Most mornings when I'm getting ready for the day at the gym after working out, I find myself shaving in the sink area near Dr. Steve, a world-renowned surgeon. Over the years, I've gotten to know him very well, and recently he's been a wonderful sounding board for me as I maneuvered my way through the maze of hospital procedures, protocols and processes.
By now, I've learned that his weekly schedules start with full days of surgery on Mondays and Tuesdays. This week, on Tuesday morning, I asked how the prior day's surgeries went, and his response to a particularly difficult case on Monday was "it's better to be lucky than good".
An interesting phrase I thought! I talked to him about what he meant, and then spent time thinking about what would be the proper mix between expertise and skills on one side balanced with luck on the other? Is it 95% skills and 5% luck? 1% or 10% luck? Can't be 50% since one's actual skills performance would be abysmal. And what is luck anyhow?
Which got me to thinking about the impact of luck in the profession of sales and whether there was any data of any kind to substantiate a direction one way or the other. In fact, in our sales vocabulary, we frequently use THE LUCK WORD all the time.
- We always wish one another luck in our various sales activities
- We typically say "good luck" to one another at the start of a sales day
- When asking about the quarter, we end that talk with "good luck"
With these thoughts kicking around in my head, I then happened to find an interesting HBR article published just this week under the heading, "Why the Best Salespeople Get So Lucky".
You should take the time to read the article yourself, plus I would love to get your feedback of your own sales experience and your current sales processes that relate to luck ... or the lack of it. If you can take a couple of minutes, just comment below directly on this blog post.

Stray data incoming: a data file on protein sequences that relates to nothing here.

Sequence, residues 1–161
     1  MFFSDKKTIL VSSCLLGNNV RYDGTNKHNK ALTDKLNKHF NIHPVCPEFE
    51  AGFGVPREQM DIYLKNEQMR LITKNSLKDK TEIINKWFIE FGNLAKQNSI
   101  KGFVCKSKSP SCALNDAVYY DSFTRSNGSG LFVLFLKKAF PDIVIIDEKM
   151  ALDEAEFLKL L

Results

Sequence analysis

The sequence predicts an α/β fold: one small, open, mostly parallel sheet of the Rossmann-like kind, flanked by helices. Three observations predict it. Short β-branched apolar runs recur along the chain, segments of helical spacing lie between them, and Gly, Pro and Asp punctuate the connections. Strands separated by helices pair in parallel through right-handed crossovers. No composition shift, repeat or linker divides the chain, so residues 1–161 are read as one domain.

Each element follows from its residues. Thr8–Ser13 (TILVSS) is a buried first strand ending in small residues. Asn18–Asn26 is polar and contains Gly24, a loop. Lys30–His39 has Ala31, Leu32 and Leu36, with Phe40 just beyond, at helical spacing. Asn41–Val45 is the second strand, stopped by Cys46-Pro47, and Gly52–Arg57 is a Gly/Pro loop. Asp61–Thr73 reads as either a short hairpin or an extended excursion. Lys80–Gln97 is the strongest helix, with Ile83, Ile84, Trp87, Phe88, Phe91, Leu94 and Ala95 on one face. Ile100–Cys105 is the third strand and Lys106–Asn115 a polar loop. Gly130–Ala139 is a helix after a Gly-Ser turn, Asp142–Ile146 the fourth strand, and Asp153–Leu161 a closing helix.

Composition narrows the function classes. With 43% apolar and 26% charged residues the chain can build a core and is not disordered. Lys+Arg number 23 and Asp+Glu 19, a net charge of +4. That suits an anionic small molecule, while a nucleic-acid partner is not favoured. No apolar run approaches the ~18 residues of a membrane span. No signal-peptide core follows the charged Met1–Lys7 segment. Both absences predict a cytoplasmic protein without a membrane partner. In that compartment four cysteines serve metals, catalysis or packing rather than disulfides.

The author of the article, Joël Le Bon points out that he believes that luck can be managed. His research shows that luck should be viewed as a controllable determinant of salespeople’s achievement. He goes on to explain that success derives not from effort alone but from a combination of effort and luck.
As a professor, during a recent semester, he ran an experiment in which 70 students sold more than $132,000 in golf-tournament sponsorships.
At the end of that process, they attributed more than two-thirds of their revenue to luck. About 60% came from what Le Bon calls “luck circumstances,” with the rest derived from standard sales processes.
In his studies, he found that...
- the greater a salesperson’s belief that success is a combination of luck and effort, and that good luck will come along sooner or later, the greater the number of sales activities, such as making phone calls, meeting prospects, qualifying prospects, and gathering intelligence about prospects and competitors.
- The greater the number of these sales activities, the greater the opportunities for luck, and the greater the person’s "provoked" luck, meaning luck that the salesperson created or provoked to happen.
- The greater the amount of provoked luck, the higher the performance of closing deals.
An interesting step-by-step thought process, but I'm not sure that there is anything really to "this luck theory" in Sales. I've just seen too many salespeople fired as a direct result of either their hoping (called in the sales trade-"the strategy of hope") or that luck would swoop in at the end and save the day...and maybe their job.